In the present, the usage in both languages is similar, for example:

  • "Jan breekt zijn glas." ("John breaks his glass.")
  • "Het glas breekt." ("The glass breaks.")

However, there are cases where the two languages deviate. For example, the verb zinken (to sink) can not be used transitively, nor the verb openen (to open) intransitively:

  • "Het schip zonk." ("The ship sank.")
  • Not *"De marine zonk het schip." (Unlike "The navy sank the ship.")

and

  • "Jan opent de deur." ("John opens the door.")
  • Not *"De deur opent." (Unlike "The door opens.")

In this last case, one could say: "De deur gaat open." (lit. The door goes open").

The major difference between Dutch and English is that the perfect tenses of ergatives take zijn (to be) as their auxiliary rather than hebben (to have).

  • present: "Het glas breekt." ("The glass breaks.")
  • perfect: "Het glas is gebroken." ("The glass has broken.")

This also marks them as distinct from unergative verbs, that do take hebben (to have) in Dutch and show a limited transitivity to an impersonal passive voice.

Note that in English the glass is broken is usually interpreted as a copula plus an adjective, rather than as an ergative perfect. Such a copular construction is not always possible in English, for instance not for the verb gebeuren (to happen):

Het is gebeurd. ("It has happened.)

This verb is quintessentially ergative, as ergative verbs usually denote processes that happen by themselves without a clear 'doer' (actor). However, most verbs of motion (to go, to come etc.) are ergatives in Dutch as well.

The fact that ergatives take zijn implies that in the perfect tenses the ergative and the passive are identical in Dutch. Compare:

imperfect perfect
active Jan breekt het glas. Jan heeft het glas gebroken.
passive Het glas wordt door Jan gebroken. Het glas is (door Jan) gebroken.
ergative Het glas breekt. Het glas is gebroken.

Notice that leaving out the actor "door Jan" automatically makes the perfect passive sentence an ergative one. By contrast, in German—that otherwise has very similar ergative verbs—the passive perfect would take worden and be distinct even when "von Jan" is omitted.

  • active: Jan hat das Glas gebrochen.
  • passive: Das Glas ist (von Jan) gebrochen worden.
  • ergative: Das Glas ist gebrochen.
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Perfect ergative innocence

Ergatives are verbs of innocence, because they imply the absence of an actor who could possibly be blamed. This association is quite strong in Dutch and speakers tend to treat verbs like forgetting and losing as ergatives in the perfect tenses even though they typically have a direct object and are really transitive verbs. It is not unusual to hear sentences like:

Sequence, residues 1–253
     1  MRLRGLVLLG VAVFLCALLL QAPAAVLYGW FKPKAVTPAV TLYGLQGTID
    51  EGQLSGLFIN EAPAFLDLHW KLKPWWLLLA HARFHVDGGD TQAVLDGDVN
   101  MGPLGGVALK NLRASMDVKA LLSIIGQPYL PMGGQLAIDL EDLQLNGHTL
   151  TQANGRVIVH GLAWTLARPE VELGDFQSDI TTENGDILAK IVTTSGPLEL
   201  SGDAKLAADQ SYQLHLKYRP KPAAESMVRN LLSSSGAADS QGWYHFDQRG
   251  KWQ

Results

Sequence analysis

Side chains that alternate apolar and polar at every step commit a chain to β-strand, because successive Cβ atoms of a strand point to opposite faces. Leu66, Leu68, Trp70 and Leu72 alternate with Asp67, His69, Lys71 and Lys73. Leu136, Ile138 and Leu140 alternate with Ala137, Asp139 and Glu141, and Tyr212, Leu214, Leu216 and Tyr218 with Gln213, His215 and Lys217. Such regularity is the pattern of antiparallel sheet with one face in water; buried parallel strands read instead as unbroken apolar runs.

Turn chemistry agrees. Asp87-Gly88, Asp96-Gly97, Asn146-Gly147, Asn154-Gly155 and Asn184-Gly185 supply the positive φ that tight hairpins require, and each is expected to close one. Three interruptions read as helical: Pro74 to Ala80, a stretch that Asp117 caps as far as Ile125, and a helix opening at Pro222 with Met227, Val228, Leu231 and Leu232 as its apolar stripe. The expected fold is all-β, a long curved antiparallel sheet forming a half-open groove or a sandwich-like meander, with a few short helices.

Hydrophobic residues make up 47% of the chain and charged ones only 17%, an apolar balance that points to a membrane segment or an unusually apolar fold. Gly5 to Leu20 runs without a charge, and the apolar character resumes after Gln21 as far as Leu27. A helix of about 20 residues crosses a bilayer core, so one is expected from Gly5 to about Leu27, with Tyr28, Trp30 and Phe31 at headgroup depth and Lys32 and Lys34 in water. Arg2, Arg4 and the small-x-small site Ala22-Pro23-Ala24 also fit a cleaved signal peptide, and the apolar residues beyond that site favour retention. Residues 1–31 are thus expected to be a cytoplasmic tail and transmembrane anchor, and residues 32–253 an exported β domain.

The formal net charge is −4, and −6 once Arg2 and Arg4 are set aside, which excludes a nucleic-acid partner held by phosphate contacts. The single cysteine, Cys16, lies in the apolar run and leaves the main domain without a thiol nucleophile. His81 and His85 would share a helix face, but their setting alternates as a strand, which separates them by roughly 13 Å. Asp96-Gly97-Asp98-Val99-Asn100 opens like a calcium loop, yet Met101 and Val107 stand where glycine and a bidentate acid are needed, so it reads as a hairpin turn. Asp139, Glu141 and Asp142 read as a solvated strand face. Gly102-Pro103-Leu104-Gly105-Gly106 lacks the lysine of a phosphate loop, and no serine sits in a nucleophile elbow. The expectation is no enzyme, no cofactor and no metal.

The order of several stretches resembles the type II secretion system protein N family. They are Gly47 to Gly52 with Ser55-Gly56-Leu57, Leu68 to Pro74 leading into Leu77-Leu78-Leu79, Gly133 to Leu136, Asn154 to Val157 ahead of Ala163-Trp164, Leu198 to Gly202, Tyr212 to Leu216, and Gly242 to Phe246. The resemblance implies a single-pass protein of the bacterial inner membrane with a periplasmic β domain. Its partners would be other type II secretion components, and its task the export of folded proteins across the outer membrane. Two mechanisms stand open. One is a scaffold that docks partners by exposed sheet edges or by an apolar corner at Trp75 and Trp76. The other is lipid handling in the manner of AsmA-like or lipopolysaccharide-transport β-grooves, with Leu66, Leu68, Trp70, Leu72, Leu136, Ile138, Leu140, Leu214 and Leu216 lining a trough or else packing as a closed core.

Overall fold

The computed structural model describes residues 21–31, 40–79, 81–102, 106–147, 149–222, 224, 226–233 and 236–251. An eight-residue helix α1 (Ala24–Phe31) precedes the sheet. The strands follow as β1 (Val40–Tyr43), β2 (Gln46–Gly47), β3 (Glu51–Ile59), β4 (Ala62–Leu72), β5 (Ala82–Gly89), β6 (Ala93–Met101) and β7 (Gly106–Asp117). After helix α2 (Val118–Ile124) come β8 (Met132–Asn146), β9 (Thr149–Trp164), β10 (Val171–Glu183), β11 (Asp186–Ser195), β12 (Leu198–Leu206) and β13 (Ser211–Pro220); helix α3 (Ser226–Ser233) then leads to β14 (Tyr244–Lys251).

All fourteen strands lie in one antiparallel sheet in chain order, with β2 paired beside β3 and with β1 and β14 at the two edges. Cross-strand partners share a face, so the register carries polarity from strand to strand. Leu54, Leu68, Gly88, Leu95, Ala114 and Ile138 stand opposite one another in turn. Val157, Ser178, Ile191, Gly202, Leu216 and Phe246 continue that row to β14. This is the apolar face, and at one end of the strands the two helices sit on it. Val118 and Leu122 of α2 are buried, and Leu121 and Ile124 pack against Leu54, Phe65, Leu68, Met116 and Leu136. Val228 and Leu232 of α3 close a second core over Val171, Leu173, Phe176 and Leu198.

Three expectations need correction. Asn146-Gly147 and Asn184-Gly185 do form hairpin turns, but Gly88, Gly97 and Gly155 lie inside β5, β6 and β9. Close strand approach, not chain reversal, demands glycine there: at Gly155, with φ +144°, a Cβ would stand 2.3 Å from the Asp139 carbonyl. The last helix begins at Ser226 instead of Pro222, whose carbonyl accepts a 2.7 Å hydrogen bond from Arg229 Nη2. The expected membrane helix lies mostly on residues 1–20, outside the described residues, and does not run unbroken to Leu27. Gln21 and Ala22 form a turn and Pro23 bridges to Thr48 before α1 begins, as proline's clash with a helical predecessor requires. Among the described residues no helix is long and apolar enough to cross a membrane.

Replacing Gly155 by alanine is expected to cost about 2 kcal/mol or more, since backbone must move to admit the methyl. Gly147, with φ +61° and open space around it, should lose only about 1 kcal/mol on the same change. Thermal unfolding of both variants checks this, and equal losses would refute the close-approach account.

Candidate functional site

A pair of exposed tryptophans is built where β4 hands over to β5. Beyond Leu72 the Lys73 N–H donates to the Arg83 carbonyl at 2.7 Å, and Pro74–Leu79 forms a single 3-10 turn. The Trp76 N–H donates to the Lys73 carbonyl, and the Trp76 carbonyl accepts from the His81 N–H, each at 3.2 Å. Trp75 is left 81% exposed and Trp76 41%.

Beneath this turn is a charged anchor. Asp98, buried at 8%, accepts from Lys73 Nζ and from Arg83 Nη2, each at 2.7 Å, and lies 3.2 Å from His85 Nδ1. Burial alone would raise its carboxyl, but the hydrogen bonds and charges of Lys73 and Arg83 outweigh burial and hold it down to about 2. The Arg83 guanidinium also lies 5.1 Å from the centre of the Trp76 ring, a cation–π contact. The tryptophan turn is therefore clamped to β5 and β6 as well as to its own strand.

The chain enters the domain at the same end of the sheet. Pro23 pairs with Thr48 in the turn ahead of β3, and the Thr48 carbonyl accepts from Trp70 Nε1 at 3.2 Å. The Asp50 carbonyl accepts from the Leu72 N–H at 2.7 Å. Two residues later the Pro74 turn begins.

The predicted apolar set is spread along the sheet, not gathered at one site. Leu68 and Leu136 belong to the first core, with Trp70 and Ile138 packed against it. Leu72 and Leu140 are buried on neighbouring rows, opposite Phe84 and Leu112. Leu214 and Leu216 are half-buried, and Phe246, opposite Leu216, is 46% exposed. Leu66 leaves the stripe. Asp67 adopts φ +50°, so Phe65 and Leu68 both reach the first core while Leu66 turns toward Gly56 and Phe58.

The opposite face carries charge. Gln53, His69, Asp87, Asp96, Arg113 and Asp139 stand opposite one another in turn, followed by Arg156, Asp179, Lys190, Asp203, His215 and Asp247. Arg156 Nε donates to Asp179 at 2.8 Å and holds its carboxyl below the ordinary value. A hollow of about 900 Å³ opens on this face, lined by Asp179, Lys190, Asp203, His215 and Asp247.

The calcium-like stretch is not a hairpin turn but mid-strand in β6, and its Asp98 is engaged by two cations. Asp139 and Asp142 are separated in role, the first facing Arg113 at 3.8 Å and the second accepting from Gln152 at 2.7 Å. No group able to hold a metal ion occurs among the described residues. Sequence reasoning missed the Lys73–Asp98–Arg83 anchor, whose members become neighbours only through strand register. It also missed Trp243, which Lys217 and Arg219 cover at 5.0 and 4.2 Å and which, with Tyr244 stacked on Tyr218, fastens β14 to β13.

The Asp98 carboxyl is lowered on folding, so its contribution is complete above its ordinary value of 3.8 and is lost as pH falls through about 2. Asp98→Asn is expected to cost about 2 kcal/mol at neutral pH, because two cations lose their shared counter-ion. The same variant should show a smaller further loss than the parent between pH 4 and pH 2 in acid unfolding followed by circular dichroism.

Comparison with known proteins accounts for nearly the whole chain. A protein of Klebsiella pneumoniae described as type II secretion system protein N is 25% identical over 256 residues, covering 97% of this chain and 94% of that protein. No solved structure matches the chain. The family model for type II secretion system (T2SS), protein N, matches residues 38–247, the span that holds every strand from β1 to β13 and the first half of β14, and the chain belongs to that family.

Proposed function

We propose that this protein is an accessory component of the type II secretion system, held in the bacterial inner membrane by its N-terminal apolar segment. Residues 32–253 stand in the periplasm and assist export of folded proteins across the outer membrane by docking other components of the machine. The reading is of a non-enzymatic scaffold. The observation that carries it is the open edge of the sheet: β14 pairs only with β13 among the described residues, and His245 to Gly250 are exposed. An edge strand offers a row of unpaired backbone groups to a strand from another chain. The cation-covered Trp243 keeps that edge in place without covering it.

Ik ben mijn boek vergeten. - I forgot my book (and it just 'happened to me: there is no actor).
Ik ben mijn geld verloren. - I lost my money (poor me).

Something similar happens with compound verbs like gewaarworden: to become aware of something. It is a separable compound of worden (become), which is a typical 'process'-verb. It is usually considered a copula, rather than an ergative, but these two group of verbs are related. For example, copulas usually take to be in the perfect as well. A verb like blijven is used both as a copula and as an ergative and all its compounds (nablijven, bijblijven, aanblijven etc.) are ergatives.

Gewaarworden can take both a direct object and a (reflexive) indirect one:

Ik werd me dat gewaar - I became aware of that.

The perfect usually takes to be regardless of the objects:

Ik ben me dat niet gewaargeworden. - (roughly) I did not catch on to that.

In Hebrew

Hebrew does have a few ergative verbs, due in part to calques from other languages; nonetheless, it has fewer ergative verbs than English, in part because it has a fairly productive causative construction and partly-distinct mediopassive constructions. For example, the verbs [ʃaˈvaʁ] (active) and [niʃˈbaʁ] (its mediopassive counterpart) both mean to break, but the former is transitive (as in "He broke the window") and the latter is intransitive (as in "The window broke"). Similarly, the verbs [laaˈvoʁ] (active) and [ləhaˈviʁ] (its causative counterpart) both mean to pass, but the former is intransitive (as in "He passed by Susan") and the latter is transitive (as in "He passed the salt to Susan")

See also

References

External links